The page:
Mr. Joosse commented at the last volume how interesting it was that the last track usually differs so much from the first in each volume. And I now find it equally interesting at how generally consistent this one was throughout. Perhaps he and I were just perfectly happy to lounge in this lush synth pop territory for a while and use up all the tracks, i’ve been obsessing over for years now. Heck, I didn’t get to use nearly half the tracks I had set aside along the way. I can only hope we keep on the path and create a sister volume with number 9. However I am sure we will take a left turn here pretty soon, and ending up digging up equally fertile ground elsewhere. We always do.
I hope you dear reader, fully understand how absolutely GOLD this volume is. The hits just keep coming for fifteen tracks straight. Nary a hint of mediocrity any where in its vicinity. I know we say this every time, but this volume just might be my favorite one yet.
Download the Mix as a 126 MB zip file.
Now using sendspace to deliver these massive files. Email us if the file expires.
The tracklist is as follows:
01. Nightcall by Kavinsky
02. Never Known Love by Thieves Like Us
03. Night Drive by Chromatics
04. Claudia Lewis by M83
05. Dream Cars by Neon Neon
06. Bring Us Closer Together by Hooray for Earth
07. Feel the Love by Cut Copy
08. Matter of Time by The Chain Gang of 1974
09. Still Sound by Toro Y Moi
10. Bad Street by Twin Sister
11. VCR by The XX
12. Leak at the Disco by Baxter Drury
13. California by EMA
14. Barnacle by Lovers
15. Sinking Feeling by Mixel Pixel
So many things all coming together with this last track in a most satisfying mix thread. The male female vocals ala The XX. The narrative of Mr Baxter. The mix of organic and electronic instrumentation from Cut Copy. The quirk of Bad Street. The love-lorn longing of M83 and the Chromatics. And the sweet hummability from the stand out Barnacle. All wrapped in the bow of warm optimism that Mr. Joosse longed for.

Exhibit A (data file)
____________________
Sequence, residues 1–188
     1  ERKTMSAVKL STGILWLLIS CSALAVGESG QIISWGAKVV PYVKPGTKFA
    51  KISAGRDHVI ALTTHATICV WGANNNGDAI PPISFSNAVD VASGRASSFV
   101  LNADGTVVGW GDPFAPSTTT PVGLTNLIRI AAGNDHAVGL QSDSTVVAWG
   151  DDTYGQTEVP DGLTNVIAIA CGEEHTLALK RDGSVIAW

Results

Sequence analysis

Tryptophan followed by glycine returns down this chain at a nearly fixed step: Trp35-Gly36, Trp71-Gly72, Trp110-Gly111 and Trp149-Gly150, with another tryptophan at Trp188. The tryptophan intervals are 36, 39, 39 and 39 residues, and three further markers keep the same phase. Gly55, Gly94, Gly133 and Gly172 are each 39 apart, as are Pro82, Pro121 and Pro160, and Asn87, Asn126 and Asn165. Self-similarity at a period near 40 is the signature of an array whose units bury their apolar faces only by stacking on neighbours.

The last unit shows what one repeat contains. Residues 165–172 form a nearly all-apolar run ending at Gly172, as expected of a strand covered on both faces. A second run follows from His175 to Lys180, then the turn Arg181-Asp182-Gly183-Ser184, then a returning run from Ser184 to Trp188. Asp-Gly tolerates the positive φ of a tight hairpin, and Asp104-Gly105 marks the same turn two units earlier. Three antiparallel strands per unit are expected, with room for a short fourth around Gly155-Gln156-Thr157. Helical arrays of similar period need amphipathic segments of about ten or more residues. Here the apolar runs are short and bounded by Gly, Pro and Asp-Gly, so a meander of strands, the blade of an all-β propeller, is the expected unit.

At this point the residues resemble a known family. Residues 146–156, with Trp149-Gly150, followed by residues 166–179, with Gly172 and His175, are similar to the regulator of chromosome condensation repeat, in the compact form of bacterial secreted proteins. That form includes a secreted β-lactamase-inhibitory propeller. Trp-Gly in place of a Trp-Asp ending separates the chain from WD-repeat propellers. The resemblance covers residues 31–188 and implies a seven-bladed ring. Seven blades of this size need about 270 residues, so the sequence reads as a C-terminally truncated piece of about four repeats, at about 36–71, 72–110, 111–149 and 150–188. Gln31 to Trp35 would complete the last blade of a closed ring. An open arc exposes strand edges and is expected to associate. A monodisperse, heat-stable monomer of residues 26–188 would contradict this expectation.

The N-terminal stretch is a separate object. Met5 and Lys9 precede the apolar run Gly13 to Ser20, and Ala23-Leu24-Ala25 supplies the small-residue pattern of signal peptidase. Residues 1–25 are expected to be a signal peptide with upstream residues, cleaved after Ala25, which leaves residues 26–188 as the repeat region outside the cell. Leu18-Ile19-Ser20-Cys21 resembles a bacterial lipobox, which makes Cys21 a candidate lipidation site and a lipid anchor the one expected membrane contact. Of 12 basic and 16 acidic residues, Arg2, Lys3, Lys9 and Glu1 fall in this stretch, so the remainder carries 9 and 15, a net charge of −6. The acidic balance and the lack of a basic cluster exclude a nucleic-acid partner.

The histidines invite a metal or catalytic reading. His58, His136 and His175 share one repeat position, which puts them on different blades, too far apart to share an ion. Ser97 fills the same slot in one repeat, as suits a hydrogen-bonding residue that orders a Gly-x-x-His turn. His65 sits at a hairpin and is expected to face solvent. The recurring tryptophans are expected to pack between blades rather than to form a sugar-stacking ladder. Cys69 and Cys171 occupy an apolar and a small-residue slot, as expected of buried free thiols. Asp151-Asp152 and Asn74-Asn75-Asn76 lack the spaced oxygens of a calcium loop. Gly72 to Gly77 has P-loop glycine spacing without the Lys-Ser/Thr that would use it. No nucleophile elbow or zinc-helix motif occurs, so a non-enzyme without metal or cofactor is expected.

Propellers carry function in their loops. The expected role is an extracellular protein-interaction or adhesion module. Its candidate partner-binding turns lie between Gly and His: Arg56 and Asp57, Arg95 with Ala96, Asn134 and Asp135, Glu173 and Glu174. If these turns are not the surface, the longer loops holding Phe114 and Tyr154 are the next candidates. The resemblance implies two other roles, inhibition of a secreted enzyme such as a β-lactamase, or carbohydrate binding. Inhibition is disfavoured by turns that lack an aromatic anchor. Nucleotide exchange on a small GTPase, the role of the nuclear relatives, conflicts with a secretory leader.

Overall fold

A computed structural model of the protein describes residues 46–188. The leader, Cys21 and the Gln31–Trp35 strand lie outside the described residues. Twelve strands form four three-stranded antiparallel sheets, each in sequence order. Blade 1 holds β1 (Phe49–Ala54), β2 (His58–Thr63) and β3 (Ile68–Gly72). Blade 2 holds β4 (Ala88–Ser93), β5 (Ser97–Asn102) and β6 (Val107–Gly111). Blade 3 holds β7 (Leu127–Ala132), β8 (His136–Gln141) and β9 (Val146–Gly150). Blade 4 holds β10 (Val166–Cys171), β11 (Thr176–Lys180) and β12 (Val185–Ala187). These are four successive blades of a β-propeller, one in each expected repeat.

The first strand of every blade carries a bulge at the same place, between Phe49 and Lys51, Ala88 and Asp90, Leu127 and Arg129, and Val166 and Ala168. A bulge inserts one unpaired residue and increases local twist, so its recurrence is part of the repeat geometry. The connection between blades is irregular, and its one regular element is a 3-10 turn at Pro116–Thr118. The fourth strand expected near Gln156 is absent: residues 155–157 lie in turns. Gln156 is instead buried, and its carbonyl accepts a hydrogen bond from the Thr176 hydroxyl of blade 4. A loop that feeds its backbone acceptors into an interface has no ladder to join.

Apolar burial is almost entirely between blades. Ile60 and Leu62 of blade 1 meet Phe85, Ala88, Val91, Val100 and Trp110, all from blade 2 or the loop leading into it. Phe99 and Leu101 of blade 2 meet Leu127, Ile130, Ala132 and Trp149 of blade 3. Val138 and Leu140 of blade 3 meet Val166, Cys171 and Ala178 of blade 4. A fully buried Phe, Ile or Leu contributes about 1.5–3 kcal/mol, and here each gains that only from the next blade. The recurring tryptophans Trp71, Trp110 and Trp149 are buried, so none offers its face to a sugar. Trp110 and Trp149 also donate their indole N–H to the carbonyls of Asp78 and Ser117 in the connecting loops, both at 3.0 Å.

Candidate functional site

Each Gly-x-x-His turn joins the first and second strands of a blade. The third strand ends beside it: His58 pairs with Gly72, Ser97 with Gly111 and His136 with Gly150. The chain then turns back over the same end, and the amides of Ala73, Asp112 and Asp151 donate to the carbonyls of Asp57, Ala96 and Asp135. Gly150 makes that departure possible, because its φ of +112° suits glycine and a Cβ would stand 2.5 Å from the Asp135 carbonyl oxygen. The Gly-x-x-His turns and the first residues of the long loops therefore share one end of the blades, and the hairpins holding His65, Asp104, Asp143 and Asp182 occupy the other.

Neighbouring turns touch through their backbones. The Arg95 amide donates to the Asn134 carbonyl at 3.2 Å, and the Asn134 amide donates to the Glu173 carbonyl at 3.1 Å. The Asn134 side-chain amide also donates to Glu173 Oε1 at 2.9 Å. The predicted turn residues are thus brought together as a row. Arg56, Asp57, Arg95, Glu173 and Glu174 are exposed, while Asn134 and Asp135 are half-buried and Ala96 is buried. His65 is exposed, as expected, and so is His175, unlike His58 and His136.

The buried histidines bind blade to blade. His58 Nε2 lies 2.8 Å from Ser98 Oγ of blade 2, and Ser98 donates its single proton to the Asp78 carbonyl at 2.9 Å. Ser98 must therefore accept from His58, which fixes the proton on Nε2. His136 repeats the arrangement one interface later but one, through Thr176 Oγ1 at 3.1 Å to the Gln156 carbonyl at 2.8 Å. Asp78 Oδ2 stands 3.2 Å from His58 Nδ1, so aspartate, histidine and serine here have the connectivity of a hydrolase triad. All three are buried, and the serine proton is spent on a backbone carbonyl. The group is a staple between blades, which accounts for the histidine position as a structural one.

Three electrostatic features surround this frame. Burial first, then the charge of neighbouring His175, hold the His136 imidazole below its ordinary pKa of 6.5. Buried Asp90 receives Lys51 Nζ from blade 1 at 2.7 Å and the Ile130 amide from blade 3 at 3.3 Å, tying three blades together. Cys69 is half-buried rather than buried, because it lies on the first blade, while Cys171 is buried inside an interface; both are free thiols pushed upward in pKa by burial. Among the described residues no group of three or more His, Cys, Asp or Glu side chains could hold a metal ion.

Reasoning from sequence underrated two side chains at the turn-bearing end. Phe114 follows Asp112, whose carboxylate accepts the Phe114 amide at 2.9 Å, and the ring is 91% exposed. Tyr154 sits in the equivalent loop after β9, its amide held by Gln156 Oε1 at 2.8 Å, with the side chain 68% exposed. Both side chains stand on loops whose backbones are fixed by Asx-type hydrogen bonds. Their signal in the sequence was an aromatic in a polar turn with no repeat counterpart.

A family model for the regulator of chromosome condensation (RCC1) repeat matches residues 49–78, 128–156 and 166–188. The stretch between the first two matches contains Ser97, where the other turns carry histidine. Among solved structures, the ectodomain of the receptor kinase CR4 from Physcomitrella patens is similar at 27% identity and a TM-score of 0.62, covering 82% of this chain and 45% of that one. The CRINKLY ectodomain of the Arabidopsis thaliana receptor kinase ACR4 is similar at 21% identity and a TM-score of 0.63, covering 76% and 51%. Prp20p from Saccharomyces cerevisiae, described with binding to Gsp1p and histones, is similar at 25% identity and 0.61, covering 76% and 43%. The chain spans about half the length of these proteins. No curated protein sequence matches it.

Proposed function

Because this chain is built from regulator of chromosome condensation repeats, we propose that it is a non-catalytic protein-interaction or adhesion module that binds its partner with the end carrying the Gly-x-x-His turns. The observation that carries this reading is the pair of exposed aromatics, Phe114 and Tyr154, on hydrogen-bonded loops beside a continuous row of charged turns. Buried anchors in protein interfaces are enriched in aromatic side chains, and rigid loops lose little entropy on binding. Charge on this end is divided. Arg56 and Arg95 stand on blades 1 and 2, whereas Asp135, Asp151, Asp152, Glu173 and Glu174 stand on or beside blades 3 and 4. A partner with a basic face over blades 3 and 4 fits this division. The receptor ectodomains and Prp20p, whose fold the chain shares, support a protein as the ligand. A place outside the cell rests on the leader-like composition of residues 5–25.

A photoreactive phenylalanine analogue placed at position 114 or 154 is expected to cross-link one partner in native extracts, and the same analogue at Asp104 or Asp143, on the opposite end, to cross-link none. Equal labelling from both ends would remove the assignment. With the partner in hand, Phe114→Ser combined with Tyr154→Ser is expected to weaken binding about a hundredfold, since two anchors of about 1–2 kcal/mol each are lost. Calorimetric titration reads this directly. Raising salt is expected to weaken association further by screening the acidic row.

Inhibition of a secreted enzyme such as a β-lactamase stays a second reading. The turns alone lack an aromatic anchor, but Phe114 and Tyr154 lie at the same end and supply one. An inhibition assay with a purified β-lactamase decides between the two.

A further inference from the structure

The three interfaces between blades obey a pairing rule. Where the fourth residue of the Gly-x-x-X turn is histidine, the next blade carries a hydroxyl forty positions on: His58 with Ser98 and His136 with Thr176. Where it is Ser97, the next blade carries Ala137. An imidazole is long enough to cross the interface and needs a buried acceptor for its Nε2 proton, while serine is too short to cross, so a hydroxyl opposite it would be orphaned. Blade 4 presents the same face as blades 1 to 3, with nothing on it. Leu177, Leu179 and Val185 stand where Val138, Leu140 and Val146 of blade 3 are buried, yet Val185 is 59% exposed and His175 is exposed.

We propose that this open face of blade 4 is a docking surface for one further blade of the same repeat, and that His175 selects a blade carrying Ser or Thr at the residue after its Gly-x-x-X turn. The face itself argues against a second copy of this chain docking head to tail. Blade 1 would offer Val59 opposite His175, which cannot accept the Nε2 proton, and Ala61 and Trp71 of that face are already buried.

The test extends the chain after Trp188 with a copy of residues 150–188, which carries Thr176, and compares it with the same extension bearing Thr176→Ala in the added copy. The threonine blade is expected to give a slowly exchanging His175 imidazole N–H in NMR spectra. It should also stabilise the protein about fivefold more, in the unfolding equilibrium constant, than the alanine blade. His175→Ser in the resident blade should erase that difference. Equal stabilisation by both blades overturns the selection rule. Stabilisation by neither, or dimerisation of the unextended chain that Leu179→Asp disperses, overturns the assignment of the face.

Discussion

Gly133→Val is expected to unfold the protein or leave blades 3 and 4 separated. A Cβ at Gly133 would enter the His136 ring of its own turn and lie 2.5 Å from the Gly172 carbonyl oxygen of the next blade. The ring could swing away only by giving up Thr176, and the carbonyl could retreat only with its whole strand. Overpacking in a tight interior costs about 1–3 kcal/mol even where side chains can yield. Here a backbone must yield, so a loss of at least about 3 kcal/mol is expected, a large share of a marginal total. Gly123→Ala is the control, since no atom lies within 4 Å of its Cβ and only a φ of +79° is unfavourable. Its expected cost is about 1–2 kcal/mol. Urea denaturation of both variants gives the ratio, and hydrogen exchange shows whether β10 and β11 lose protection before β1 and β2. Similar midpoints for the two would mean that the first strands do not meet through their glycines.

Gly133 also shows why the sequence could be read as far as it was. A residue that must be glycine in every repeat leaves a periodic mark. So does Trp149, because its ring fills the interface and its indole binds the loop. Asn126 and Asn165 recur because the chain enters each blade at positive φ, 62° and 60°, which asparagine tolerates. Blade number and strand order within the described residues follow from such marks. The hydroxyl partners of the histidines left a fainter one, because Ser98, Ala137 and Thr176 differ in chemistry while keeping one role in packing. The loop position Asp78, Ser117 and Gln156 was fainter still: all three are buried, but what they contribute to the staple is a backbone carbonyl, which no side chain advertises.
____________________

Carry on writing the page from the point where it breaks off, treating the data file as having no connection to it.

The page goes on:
Silly me. I chased my own tail for three days looking for the right song to follow EMA, going through piles of CDs to find a suitable complement. But the first time I played “California,” there was a voice deep in the back of my head going, She sounds like Lovers. Go get Lovers. I didn’t listen to it until I sat frustrated with all of my other options. Not surprisingly, it worked the best.
So here’s Lovers and, Carolyn Berk’s voice aside, it doesn’t have much to too much to do with EMA. My favorite mixes are the ones which echo what came before instead of be strictly linear, so I didn’t want to pass up the chance to help Mr. Smigielski close this particular loop or offer some warm voices and renewed optimism. And speaking of optimism, I wanted to note that this is my 50th posting to the NEIMT. Here’s to the next 50.
A narrative vocal style. Heavy atmospherics. Minimalist, analog-at-heart instrumentation. EMA straddles an interesting line between naked raw emotions and cooler than hip detachment – all swimming beneath a sea of fuzzy, white-out static. EMA has made a sound out of making the absolute most out of almost nothing. Lone piano notes pierce and drone their way through 4 minutes of rambling beauty about displacement, alienation, and frustration. This is one of the few artists to emerge on my radar in 2012 and actually leave a lasting impression.
Every couple of days, one of the NEIMT authors will post a song that is in some way a reaction to the previous song posted by another author. Every 15 songs will be packaged up with cover art and presented for download as a complete mix. The only rule is that no artist can appear more than once in the same volume.
The best way to be informed of NEIMT posts is to subscribe in the field in the upper right. You can also follow the page on facebook. We longer maintain an email list. Email is dead to us. We'd love to hear your feedback in the comments of this blog, but if you'd like to contact the NEIMT directly, email to: robb (at) agrayspace (dot) com.
You can still see the old mixes at neimtarchive.blogspot.com. Some of the old download links might still even work.
We freely admit that this blog is probably a violation of artistic copyright law. We put together these mix "tapes" as way to share great music in a way that encourages artist support and utilizes grassroots promotion by purposefully violating those copyrights. We would like to imagine that no artist in their right mind would oppose such altruistic intentions despite its bureaucratic insubordinance.